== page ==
Animation continues to build in earnest in consideration of the different cross-sections of what is being produced but the superstructured is becoming more interesting because of the different outlets. “Clone Wars” is on a different level because it is independently produced. “South Park” continues to excel because of its ability to do a quick turnaround. However, it is the emotional resonance of some scenes that is starting to shine through. “Family Guy” and “The Simpsons” are like Jay and Conan: compatriots vying for the same audience while still on the same network. “Penguins” meanwhile flies under the radar and goes on its merry way.

The competition continues.

Cleveland, Multiverses & Moving Targets: The 2009 Fox TCA Summer Press Tour – Feature

The key of progression with Fox is engendered by the slickness of its shows. The balance of the light and the dark is always in the forefront. With a majority of the shows highlighted at the Summer 09 Press Tour, the key seems to build branding and enhancing a greater thought on existing properties.


The Cleveland Show The angle on this specific series is obviously based as the spin-0ff from the “Family Guy” world. Of course, the thought becomes how far out it will go. An instigation of what the show will be like was brought to life in a distinctly vivid way with a table read with a lot of the cast during a luncheon. Watching Mike Henry dip right into the voice of Cleveland in front of you shows the power and characterization that can be explored in animation. Seth McFarlane takes on the role of Tim, a bear who works at Cleveland’s new office. Even that sentence just gets a laugh straight off. This cast of characters, unlike “American Dad”, has just the right feeling. Cleveland Jr. voiced by Kevin Michael Richardson,  just has an inherent sweetness to him that is akin to Chris on FG. Cleveland’s new hangout buddy volleys between Terry, a redneck guy that Cleveland used to party with, and Tim, the Bear. There is just so many great possibilities here. Even though we only saw a blip of animation (very similar to FG), reading along with the script gives you the visuals a mile a minute. There are pop culture references galore but the show is arranged more in a three act structure than “Family Guy”. The music will be definitely be more Cleveland style. Mike Henry just recorded a Christmas single as Cleveland with Earth, Wind & Fire. Kanye West will be in an episode this season and possibly the next as well. In this season, he does a rap with Cleveland Jr. Richardson says  it was a kick in the sound booth. Kanye plays the coolest kid in town, which by the way is called Stoolbend.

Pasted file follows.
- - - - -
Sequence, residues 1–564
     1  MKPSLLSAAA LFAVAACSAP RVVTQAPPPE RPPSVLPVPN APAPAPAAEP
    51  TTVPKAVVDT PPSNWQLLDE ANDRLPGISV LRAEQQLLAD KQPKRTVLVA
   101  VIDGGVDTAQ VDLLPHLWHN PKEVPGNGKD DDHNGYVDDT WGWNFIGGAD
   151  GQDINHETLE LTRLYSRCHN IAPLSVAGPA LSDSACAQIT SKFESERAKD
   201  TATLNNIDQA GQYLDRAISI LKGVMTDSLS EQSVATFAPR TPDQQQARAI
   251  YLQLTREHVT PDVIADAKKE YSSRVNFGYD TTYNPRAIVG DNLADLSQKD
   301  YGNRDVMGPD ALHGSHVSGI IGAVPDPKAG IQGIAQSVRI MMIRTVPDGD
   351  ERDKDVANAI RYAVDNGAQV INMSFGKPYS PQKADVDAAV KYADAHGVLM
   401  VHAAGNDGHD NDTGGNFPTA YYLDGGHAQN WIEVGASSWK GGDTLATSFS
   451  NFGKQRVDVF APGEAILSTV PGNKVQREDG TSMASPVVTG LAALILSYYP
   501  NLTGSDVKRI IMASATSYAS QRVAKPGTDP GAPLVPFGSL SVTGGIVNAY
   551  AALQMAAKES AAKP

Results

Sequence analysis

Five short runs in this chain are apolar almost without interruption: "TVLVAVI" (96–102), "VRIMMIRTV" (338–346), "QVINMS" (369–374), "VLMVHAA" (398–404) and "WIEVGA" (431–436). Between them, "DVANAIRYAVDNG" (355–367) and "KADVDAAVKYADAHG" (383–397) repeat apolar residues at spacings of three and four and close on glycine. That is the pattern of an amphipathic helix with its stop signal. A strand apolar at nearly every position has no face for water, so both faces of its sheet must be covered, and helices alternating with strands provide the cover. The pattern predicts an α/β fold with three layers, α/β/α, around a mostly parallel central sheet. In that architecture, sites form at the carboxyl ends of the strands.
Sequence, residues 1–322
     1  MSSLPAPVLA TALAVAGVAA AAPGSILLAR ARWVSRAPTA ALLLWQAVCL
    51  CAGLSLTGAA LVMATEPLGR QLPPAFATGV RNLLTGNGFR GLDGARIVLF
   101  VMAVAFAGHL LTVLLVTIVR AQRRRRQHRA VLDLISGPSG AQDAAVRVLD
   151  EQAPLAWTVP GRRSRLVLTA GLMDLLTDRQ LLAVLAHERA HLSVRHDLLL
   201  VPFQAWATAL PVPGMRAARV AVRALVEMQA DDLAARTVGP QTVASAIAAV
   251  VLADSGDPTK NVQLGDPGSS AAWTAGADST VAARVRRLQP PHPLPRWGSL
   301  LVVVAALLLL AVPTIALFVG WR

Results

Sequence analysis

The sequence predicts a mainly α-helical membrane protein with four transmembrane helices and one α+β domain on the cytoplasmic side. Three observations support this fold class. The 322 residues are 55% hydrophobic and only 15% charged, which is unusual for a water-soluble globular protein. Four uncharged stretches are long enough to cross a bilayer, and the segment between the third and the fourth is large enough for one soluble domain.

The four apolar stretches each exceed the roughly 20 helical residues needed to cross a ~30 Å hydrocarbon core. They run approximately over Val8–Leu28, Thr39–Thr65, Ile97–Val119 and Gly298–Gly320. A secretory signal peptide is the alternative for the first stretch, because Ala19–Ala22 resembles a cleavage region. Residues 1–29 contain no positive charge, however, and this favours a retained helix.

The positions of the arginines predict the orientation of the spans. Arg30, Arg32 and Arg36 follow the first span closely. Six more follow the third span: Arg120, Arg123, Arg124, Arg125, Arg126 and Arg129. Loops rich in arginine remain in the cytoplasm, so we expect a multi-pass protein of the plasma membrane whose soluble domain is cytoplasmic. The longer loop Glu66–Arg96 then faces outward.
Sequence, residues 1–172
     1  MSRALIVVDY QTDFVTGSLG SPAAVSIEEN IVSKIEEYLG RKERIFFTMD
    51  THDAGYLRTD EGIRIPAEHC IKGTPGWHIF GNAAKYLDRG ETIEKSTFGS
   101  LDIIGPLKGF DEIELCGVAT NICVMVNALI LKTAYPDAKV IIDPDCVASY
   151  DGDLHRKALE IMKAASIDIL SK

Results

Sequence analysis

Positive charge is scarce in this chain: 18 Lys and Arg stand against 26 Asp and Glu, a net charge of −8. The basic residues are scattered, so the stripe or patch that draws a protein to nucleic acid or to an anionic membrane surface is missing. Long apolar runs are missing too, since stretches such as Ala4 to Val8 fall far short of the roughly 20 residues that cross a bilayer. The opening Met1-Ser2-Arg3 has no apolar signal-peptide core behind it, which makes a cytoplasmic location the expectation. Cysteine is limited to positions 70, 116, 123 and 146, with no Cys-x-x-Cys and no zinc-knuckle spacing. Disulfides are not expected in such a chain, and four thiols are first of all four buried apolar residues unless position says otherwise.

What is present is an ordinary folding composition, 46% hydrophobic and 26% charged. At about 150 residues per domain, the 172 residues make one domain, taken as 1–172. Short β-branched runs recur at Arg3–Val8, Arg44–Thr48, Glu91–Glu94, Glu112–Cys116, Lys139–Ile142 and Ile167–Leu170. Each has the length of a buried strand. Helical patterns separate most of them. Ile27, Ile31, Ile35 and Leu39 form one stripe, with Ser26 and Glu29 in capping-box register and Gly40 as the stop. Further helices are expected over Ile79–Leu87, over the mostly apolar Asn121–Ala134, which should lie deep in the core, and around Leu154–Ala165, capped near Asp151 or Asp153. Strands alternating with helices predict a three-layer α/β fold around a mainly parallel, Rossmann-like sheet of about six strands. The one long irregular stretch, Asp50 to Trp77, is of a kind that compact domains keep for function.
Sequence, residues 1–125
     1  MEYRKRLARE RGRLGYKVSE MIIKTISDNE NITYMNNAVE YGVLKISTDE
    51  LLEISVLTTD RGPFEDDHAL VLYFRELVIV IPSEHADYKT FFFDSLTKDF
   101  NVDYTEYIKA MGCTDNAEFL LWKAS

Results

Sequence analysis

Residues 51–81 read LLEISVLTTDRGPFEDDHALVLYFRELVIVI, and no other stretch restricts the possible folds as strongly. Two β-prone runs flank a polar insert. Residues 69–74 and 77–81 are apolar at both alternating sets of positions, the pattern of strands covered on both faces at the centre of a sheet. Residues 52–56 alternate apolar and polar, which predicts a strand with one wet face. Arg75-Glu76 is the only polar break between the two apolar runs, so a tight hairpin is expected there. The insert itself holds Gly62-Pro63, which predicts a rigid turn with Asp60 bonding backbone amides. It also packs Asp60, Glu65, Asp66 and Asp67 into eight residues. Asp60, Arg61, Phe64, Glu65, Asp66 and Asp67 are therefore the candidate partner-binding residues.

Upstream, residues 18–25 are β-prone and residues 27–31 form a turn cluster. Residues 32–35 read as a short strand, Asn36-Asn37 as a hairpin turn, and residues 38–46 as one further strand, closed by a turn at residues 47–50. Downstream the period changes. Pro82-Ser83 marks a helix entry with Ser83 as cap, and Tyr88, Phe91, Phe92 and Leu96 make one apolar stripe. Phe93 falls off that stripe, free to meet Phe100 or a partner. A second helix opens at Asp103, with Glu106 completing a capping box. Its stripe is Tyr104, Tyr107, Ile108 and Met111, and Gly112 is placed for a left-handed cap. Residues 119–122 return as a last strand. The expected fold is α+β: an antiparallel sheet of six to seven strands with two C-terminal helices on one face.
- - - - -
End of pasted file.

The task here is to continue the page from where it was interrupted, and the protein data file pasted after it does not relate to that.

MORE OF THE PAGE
After the read, which really hit stride in one office scene, where Cleveland and Tim go back and forth, Seth talked about the gestation of the series. McFarlane was in high spirits and getting a big kick out of the critics laughing at certain places allowing himself a good chuckle as well. Seth says they always do a table read although everyone records their dialogue separate. On another note, Arianna Huffington plays Arianna (The Bear), wife of Tim. Just the bedroom discussions with the voice Seth uses for Tim make you laugh. It is kind of an undescript European accent which matches perfectly with Huffington’s Greek. McFarlane jokes that the voice is a silly one that his dad did when he was younger on the way to the dump. He also said that he wanted to continue to push the animation in terms of character. Mike Henry in one of their meetings said nonchallantly: “How about a family of bears”. And then went with it.

As far as crossover, Quagmire will show up in the first season. The Brown clan will make an appeartance on “Family Guy” but McFarlane doesn’t discount any other guest spots down the line. He highlights that Fergie and Hall & Oates will also be two of the guests this season on “The Cleveland Show” as well. And, in Episode 16, he says, we will finally see Loretta. The key in this series is that Cleveland came back to Stoolbend where he grew up and almost immediately married his high school sweetheart. In addition to his own son, he now also has a stepson and stepdaughter. Henry says that this show is “sweeter and funkier” than “Family Guy”  but runs with an almost Brady Bunch scenario with a lot of cutaways and flashbacks. The show according to him and Seth has a completely different dynamic at times than “Family Guy”: Cleveland is more like the eye of the hurricane than the storm itself. It has a great feeling building and diversifying  something new in what makes “Family Guy” so rich.


Glee This show premiered its pilot in May and discussed itself at the January TCAs this year. This time the whole cast showed up. The licensing question was always an interesting approach to this show since they are getting hot music. They announced that they just got a Beyonce song, much like the Rihanna score they spoke of in January. Ryan Murphy, the show’s creator, was in NY shooting a movie with Julia Roberts so he was unable to attend. The cast seemed exceptionally excited and are leaving on a 10 city stint to promote the show within days of the tour. The promos have just started airing for the fall. They just finished shooting Episode 13 but hardly anybody has seen the show. Dianna Agron, who plays Quinn, says that this series is a first for many of the actors. She was on the plane coming out from NY the day before watching “So You Think You Can Dance” and a promo came on for “Glee”. The guy sitting next to her did a double take.

The key with the series is that either it will hit or miss. After the pilot aired, “Dont Stop Believin”  jumped to number one on Itunes so there is possibility. Time will tell.


Fringe This exceptional series which moves its shooting location from New York to Vancouver this year has been the most exceptional character piece on TV of late,  specifically for its mythology which as Joshua Jackson relates reminds him of “The X-Files” which he was a big fan of. Jeff Pinkner, an exec producer who is exceptionally hands on, addressed the multiverse seen at the end of last season. It is all about what we see as here and what he calls “over there”. They are still learning about what it is but they are not shying away. The key for the creators is , in essence, not having the mythology take over the characters which is always a danger. Roberto Orci, a consulting producer along with his writing partner Alex Kurtzman [they both wrote “Star Trek” and “Transformers 2” this summer], says that it becomes how much you can serialize the series and s how much you can do as stand alone. The key is riffing on the world without losing sight of it.